Academic journal article Journal of Thought

English Learners and the Risks of Suicide

Academic journal article Journal of Thought

English Learners and the Risks of Suicide

Article excerpt


In reviewing the research on adolescent and young adult suicide, a distinctive set of characteristics that describe suicidal ideation and behaviors coincides with literature about the experiences of English Learners (ELs). We found, however, no research that examines the relationship specifically between the characteristics of suicidal adolescents and ELs' responses to these experiences. Existing research related to ELs in the affective dimension mainly supports the effects of discrimination and/or depression (Cristini, Scacchi, Perkins, Santinello, & Vieno, 2011; Huynh & Fuligni, 2010; Patel, Tabb, Strambler, & Eltareb, 2014; World Health Organization [WHO], 2014). Connecting the two areas of research may enable a proactive stance in making implications for recognizing language learners who may be at risk of suicide or other suicide-related behaviors such as eating disorders, self-cutting, depression, reckless driving, and sexual promiscuity, among others (Kann et al., 2014).

Elevated risk factors for suicide and other self-destructive behaviors include students who are "viewed as different from their peers" and students who are "often subject to exclusion, harassment and discrimination" (Society for the Prevention of Suicide [SPTS], 2015, Slide 9), two descriptions that align with the experiences that many ELs endure. At issue is students' emotional health and safety, the impact of schooling, and the negative interactions that occur at school (Rishel, 2007). In order to educate diverse student populations, it is imperative that public scholarship include discussions on ELs and how the learning environment may influence their susceptibility towards suicidal activity, because globally, suicide is the second leading cause of death for people aged 15-29 (WHO, 2014, p. 22).

Especially important for educators and school personnel who experienced the death of a student by suicide, the gripping aftermath of reflecting on what could have or should have been done often weighs heavily in their minds and hearts. We can sigh at the disheartening and unnecessary loss of lives, yet we must also address the circumstances surrounding their ultimate decision to die. We have a choice to begin exploring the connections between the characteristics of ELs who experience the roughness of immersion, as well as schooling that fails to meet their needs, and the similarities to young people who die by suicide, or we can ignore it now and wait until statistics point it out for us in the years to come. The authors broach the urgency of this topic now in order to provide the awareness of possibilities of which most are unaware.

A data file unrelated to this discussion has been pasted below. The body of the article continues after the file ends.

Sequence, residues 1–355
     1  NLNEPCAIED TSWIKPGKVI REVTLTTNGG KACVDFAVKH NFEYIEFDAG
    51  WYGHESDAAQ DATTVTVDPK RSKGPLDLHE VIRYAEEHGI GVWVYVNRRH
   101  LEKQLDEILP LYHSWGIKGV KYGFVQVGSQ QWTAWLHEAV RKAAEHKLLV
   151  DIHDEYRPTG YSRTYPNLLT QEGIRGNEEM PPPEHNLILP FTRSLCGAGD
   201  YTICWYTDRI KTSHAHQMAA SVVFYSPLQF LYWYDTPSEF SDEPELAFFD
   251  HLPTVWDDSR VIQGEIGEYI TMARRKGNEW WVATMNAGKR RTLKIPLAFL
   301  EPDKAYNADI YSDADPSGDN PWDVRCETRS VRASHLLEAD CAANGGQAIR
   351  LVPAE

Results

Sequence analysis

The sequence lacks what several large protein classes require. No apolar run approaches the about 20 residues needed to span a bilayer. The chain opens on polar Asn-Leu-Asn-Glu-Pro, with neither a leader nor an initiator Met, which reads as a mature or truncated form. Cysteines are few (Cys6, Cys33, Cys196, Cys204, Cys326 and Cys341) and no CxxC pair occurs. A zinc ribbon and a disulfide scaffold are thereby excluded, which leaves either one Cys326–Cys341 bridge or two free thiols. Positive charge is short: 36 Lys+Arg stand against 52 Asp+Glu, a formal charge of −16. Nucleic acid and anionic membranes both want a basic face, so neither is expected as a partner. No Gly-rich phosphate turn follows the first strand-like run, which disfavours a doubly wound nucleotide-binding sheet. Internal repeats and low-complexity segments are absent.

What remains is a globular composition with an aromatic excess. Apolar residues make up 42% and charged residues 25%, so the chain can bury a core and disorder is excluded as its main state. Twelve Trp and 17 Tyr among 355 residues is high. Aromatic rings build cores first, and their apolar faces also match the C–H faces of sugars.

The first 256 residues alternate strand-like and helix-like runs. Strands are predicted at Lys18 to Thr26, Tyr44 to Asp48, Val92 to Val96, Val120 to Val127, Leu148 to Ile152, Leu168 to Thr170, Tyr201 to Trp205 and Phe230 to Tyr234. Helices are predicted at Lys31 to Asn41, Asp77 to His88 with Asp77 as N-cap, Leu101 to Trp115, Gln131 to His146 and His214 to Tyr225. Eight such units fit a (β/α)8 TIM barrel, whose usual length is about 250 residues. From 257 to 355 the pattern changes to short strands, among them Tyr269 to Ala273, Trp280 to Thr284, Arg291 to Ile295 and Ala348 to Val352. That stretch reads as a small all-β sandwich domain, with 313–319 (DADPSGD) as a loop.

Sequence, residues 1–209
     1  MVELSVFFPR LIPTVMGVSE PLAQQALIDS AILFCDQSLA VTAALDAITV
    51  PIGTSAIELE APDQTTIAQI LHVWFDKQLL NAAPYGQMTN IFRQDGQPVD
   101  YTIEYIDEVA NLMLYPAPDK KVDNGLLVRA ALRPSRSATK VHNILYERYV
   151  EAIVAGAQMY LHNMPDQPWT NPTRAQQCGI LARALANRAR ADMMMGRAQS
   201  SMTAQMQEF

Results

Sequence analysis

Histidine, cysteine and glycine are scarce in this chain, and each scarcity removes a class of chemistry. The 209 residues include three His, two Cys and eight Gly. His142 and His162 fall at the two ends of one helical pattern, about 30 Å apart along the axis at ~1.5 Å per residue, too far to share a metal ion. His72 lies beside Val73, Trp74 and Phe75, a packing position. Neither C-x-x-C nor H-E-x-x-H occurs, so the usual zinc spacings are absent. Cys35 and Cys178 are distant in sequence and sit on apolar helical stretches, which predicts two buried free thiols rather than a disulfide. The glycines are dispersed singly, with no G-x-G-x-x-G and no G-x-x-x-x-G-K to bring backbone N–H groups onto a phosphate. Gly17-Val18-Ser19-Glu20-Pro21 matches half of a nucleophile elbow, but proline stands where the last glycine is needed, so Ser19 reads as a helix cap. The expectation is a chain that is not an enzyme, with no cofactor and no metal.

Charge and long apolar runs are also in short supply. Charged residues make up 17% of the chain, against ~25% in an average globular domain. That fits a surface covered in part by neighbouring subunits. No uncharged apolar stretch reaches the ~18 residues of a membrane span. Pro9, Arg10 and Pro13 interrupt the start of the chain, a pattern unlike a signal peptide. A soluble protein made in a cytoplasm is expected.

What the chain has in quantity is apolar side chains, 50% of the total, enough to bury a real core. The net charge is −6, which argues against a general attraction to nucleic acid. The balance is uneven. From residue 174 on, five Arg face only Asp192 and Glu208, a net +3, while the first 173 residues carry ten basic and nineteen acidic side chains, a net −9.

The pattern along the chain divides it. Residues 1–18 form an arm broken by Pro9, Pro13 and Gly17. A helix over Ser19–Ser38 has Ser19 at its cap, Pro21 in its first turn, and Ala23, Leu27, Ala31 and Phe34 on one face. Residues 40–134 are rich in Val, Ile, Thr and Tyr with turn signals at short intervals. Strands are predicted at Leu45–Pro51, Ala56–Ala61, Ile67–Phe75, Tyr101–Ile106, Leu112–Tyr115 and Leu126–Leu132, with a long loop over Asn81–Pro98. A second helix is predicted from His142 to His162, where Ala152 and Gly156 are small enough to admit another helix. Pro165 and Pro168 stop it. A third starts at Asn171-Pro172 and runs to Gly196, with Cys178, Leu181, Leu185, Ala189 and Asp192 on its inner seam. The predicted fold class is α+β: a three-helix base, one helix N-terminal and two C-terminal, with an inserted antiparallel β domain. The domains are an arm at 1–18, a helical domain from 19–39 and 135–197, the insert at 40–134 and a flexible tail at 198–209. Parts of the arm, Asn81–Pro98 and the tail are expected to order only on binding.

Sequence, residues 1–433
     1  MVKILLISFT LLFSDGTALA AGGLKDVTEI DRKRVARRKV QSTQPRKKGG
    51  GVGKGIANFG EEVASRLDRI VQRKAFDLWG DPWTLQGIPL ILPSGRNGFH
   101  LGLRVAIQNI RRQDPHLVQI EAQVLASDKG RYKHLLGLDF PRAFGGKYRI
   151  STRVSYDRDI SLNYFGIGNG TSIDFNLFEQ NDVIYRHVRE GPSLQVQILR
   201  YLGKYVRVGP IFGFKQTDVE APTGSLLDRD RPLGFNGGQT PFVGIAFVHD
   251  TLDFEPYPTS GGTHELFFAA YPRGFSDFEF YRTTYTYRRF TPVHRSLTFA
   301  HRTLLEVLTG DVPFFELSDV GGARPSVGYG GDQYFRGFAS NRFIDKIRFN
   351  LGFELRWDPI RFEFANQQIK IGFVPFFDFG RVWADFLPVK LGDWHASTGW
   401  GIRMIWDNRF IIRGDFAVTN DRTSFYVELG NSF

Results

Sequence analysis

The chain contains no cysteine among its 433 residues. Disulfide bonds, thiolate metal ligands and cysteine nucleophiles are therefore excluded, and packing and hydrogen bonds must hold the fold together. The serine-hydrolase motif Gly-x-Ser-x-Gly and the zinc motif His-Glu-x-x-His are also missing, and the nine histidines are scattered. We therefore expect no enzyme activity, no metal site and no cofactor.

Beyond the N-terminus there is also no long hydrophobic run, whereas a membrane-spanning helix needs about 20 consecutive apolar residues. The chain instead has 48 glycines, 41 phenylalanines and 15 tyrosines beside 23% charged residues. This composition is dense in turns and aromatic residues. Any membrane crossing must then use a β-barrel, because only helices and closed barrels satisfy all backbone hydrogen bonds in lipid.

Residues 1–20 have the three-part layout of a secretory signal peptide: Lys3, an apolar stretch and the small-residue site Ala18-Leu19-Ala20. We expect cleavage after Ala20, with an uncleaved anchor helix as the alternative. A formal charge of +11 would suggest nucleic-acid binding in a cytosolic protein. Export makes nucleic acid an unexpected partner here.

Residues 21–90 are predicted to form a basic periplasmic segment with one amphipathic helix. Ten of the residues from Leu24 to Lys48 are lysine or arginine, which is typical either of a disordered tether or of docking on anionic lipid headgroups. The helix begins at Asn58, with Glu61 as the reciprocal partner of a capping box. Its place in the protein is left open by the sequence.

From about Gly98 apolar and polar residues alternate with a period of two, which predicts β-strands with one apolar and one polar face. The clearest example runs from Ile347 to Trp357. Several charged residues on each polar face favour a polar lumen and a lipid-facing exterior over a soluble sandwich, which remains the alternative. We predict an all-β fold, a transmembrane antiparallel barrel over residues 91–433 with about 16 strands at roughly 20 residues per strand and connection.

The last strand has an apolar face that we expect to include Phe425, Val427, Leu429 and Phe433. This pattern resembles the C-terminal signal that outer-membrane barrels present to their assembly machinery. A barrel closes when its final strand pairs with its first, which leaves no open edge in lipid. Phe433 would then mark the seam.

Although in an ideal world all schools are concerned with both the academic and affective aspects of their learners, contemporary literature regarding ELs primarily focuses on the language acquisition and other academics (e.g., Haager, 2007; Meyer, 2000; Short, Fidelman, & Louguit, 2012), content-specific instruction (e.g., Chval & Chavez, 2011/2012; Gaskins, 2015; Li, 2012; Nutta, Bautista, & Butler, 2011; Thornton & Cruz, 2013), as well as assessment (e.g., Hakuta, 20014; Lenski, EhlersZalava, Daniel, & Sun-Irminger, 2006). While resources available for teaching and learning are plentiful and varied for all content areas and grade levels, a very important consideration that has commonly been overlooked because of the current focus on the standardization of learning is the relationship of the learner's socio-emotional needs to academic success (Kayi-Aydar, 2015).

Struggles of ELs

It is important to note that the experiences and needs of ELs vary significantly. For example, some learners come to school as immigrants, while others are born in an English-speaking country (Batalova, Fix, & Murray, 2007); some have been in English-speaking educational settings their whole life, or at least for several years, while others may have recently arrived from their home country. …

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